On the face of it we are not guilty of overtreating chronic rhinosinusitis in patients who have failed appropriate medical therapy except when we look in a bit more detail at the audit which rather surprisingly showed that the Lund-Mackay score in over a fifth of patients was within the normal range and that a smaller, though nonetheless significant number of patients had a normal SNOT-22 score prior to surgery. As a ten point change in the SNOT-22 is required to detect a change in symptoms, a patient who scores under 20 is rather unlikely to benefit from treatment. We also have good studies now to support the use of long term medical therapy in maintaining that benefit.
This is particularly vexing when we see surgery for the treatment of chronic sinusitis featuring on the lists of that most irritating acronym, Procedures of Limited Clinical Effectiveness. More information of which can be found within this volume of joy.
What is interesting, if we look at numbers of ENT procedures and procedures on the nose and sinuses, whilst there have been some fluctuations over the last decade they are as nothing compared to the inexorable rise of procedures overall in the NHS since the turn of the century.
And we can see overall that when it comes to the septum and indeed the turbinates there has been a small but consistent reduction since 1999 for both these procedures shown in red and green respectively.
So, when it comes to septal surgery who are we operating on and why? I have already mentioned the number of deviated septa varies considerably in the literature, but one thing is clear – that there is a poor correlation with the sensation of nasal obstruction as evidenced by my own nose.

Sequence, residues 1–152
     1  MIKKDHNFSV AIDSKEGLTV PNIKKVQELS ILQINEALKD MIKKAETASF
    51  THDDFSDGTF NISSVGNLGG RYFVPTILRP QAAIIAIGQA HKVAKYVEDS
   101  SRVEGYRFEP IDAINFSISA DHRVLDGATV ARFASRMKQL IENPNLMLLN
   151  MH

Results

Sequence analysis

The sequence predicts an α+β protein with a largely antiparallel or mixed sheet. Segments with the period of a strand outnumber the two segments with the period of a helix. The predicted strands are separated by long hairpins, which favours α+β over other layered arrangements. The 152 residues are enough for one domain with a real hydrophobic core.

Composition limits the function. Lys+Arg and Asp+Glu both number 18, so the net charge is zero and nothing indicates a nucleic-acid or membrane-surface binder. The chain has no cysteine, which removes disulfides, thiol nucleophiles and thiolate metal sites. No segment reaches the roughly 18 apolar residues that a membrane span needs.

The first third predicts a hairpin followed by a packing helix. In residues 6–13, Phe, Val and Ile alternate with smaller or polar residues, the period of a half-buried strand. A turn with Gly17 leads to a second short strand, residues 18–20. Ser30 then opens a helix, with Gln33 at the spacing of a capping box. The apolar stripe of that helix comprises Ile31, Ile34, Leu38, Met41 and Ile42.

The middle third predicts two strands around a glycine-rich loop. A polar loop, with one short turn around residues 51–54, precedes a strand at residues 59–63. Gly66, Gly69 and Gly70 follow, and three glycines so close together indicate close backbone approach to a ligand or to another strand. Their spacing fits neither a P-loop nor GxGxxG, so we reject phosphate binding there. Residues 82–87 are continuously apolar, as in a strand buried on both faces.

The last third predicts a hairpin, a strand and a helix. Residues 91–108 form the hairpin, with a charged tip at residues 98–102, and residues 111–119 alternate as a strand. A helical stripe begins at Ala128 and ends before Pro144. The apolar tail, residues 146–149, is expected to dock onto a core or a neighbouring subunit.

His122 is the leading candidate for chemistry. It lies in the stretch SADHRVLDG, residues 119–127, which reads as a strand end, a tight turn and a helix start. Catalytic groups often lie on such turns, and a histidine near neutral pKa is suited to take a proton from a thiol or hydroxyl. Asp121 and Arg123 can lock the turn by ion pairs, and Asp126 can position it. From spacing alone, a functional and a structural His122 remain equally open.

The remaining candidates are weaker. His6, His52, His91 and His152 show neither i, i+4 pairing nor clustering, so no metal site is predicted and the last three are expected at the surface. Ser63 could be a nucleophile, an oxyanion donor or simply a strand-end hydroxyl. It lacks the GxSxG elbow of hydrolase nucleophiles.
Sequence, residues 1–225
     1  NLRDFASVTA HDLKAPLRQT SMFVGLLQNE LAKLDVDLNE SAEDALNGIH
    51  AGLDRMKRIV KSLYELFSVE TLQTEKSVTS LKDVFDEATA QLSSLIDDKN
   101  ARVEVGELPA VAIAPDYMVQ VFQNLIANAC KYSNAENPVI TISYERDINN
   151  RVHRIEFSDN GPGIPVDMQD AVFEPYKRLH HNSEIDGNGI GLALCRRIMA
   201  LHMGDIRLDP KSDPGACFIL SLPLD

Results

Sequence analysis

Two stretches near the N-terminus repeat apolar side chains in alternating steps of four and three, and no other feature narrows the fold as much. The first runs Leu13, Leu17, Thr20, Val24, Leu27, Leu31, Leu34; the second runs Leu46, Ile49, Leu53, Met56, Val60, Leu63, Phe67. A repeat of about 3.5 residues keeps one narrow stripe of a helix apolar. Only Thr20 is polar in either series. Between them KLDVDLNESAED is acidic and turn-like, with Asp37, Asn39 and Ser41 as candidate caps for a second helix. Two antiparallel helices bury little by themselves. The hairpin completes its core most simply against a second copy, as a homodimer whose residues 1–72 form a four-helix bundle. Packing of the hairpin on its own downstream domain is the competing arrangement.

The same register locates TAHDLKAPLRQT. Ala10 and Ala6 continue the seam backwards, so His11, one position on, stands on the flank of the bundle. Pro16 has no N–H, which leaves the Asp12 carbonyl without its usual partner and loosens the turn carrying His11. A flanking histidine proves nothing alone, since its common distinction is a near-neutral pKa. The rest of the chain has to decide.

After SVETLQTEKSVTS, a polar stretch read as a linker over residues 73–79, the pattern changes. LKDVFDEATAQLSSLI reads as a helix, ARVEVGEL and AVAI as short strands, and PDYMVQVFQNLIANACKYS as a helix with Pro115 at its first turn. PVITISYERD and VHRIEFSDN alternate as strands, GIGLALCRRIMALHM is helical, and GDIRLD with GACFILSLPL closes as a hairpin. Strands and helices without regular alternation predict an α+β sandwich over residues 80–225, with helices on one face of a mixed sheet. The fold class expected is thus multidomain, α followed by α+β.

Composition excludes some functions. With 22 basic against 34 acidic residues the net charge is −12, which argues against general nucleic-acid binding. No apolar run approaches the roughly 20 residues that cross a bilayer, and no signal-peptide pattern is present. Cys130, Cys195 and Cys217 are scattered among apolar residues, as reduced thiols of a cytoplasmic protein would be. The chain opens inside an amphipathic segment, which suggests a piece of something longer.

Unfortunately, when patients undergo septal surgery only about ¾ are satisfied with their surgery at 6 months, and this recent study showed that the satisfaction rate does not necessarily correlate well with improved breathing.
My good friend, Mats Holmstrom highlighted the need for objective measures in selecting patients for septal surgery. How many of you in this audience would undertake grommet
insertion without an audiogram? It is hardly surprising that patients who have a normal airway to start with do rather poorly when surgery is undertaken to improve it, and we now have a range of simple, cheap and reliable instruments, such as nasal inspiratory peak flow or nasal spirometry to inform that decision, particularly when we know that inflammation is often interpreted by the patient as nasal congestion or nasal blockage, which will improve with endoscopic sinus surgery despite there being no effect whatsoever on actual air flow. And if anyone asks you what the difference to an SMR and a septoplasty is, then according Tony Bull, it’s 80 guineas.
And here you see a graph of my figures showing that I do two or three septal procedures a year, almost all at the behest of the ophthalmologist for placement of DCR Jones’ tubes.
So, what about the turbinates then? Equally, poorly represented on my graph. But often combined with septoplasty due to compensatory hypertrophy. But this recent study confirms many older studies from the 1990s showing that compensatory change will improve with time if the patient can be persuaded to wait, so it may be worth you and the patient resisting the temptation of attacking the turbinates, bearing in mind this may increase the haemorrhage and adhesion rates significantly.
Of course, the methodology of turbinate reduction is many and various, and in analysing the studies there is no gold standard with very few randomised trials, certainly no placebo controlled trials and generally very short follow-up.